#32 dondon

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Posted 18 November 2005 - 11:36 PM

Well if you feel that you won't be able to do that topic then maybe you could, it is possible but it would be very difficult
And maybe is you asked your teacher theyd let you have a bit of an extension so that you could redo it if you really want to , but that depends on your teacher.

ANd you could just change what youve already got?

#33 dehny

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Posted 19 November 2005 - 10:20 AM

i hope the way its structured here isnt how its structure when you hand it in, because thatll blow 5 marks straight off

dont use "I" ever
dont say "my intention"

and like don don said you need to analyse and evaluate more
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#34 Jadem89

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Posted 29 January 2006 - 11:40 AM

I passed by using 'Dead dog in the night-time' by Mark Haddon. A simply story portrayed through the eyes of a young boy suffering from autism and all its triats. I did a talk which helped me since i have terrible puncutation...the book is interesting for some however it is debatable.

#35 bred

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Posted 29 January 2006 - 12:22 PM

*"The Curious Incident of the Dog in the Night-Time"

A nice story.
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#36 ShadowsWake

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Posted 29 January 2006 - 03:18 PM

I passed! Lol, I know it's been such a long time since I last Posted but school has been keeping me soooo busy! But, I changed my essay Question and revised much more, analysed more and also evaluated. The only comment he wrote on my new one was: "What a difference!". Lol, I was so happy, it was quite a while ago now though. I'm wondering if it's a good idea to write about Personal Study in the Final Exam? Any tips?

Thanks again everyone!

#37 Ally

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Posted 29 January 2006 - 05:45 PM

This is advice from SQA about doing critical essays on your personal study.

QUOTE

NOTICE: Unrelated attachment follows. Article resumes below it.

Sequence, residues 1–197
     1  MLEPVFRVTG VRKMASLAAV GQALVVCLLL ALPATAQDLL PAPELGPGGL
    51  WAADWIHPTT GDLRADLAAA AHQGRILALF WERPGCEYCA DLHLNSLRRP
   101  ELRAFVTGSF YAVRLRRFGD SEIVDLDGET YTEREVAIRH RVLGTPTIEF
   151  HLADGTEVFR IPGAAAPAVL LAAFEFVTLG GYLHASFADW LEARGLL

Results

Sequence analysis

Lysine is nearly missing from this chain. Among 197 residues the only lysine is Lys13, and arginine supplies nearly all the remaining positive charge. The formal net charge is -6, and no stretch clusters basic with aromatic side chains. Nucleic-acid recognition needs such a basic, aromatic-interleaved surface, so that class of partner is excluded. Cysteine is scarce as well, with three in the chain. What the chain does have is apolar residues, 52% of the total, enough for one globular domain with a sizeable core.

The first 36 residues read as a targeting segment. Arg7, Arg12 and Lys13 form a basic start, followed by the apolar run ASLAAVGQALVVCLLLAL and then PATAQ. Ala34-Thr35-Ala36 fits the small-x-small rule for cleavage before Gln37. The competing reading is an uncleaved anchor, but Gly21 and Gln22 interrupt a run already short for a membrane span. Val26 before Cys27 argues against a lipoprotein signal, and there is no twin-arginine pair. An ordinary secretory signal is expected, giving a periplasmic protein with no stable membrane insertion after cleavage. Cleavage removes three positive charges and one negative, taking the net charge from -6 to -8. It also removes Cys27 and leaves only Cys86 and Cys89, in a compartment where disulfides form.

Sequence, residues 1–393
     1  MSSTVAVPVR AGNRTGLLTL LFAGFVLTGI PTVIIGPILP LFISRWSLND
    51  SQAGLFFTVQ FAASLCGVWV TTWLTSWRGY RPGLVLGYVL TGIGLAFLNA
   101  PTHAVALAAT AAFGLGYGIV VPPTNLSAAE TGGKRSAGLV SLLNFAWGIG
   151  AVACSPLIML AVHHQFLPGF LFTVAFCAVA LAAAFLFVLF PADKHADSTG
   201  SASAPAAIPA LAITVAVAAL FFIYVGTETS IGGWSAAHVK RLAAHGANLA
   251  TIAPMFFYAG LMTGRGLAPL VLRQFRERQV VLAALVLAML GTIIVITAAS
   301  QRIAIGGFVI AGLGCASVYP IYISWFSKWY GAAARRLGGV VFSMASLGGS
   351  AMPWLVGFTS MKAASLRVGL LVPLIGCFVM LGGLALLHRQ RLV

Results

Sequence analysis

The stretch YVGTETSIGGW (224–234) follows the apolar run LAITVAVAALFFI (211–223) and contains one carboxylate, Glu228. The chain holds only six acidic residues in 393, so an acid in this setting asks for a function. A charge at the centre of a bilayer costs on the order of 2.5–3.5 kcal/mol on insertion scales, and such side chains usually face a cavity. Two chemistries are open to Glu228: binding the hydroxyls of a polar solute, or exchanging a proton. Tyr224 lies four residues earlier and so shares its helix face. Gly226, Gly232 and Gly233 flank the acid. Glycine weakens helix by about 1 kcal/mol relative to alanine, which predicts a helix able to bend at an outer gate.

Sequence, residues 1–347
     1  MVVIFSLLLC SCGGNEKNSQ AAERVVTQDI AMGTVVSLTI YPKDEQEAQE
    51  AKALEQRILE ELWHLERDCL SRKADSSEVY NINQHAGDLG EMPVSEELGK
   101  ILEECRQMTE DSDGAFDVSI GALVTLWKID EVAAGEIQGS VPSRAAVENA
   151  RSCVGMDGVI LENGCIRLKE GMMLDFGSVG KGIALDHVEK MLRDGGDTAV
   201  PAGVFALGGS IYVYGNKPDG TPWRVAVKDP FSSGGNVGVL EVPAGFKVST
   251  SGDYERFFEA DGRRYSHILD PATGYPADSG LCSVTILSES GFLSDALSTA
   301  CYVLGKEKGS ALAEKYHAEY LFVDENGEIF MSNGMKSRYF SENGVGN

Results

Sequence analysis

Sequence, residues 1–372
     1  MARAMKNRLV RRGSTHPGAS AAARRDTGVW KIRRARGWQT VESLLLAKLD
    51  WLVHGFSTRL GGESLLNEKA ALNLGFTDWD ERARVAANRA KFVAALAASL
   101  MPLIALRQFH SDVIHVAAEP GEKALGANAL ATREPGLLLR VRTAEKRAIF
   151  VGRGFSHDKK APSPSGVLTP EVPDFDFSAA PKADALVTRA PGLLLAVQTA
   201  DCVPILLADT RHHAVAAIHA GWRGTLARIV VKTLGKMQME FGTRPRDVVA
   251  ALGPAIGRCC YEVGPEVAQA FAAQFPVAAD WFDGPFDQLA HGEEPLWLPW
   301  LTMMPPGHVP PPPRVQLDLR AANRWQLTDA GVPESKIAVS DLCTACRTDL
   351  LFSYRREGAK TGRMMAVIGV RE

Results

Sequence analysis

Using your Personal Study text(s)
You are free to write in the exam about the text(s) (or Language topic) you studied for the Personal Study Unit.  Remember, however, that for the Personal Study Unit you will have concentrated on one particular aspect of the text(s) or topic, and that in the exam it is highly unlikely that there will be a question that matches this exactly.  Also, you will not have the text(s) or notes with you in the exam as you will have had for your Unit assessment.


Some people do do it and succeed, but my teacher told us it was a big NO-NO.

#38 Hybrid

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Posted 05 February 2006 - 11:52 AM

I did Consider the lillies by Iain Crichton Smith - passed easy enough.

#39 xKayleighx

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Posted 28 March 2006 - 12:23 PM

High Society' by ben Elton. Brilliant book and I passed aswell.

#40 Yurimaru

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Posted 28 March 2006 - 01:45 PM

I did The Great Gatsby for my personal study and in the prelim and final and I passed. There would be no harm in revising your personal study texts as well as the ones you study in class - you might be lucky and get a good question.
Oh weep for Adonais—he is dead!
Wake, melancholy Mother, wake and weep!
Yet wherefore? Quench within their burning bed
Thy fiery tears, and let thy loud heart keep,
Like his, a mute and uncomplaining sleep;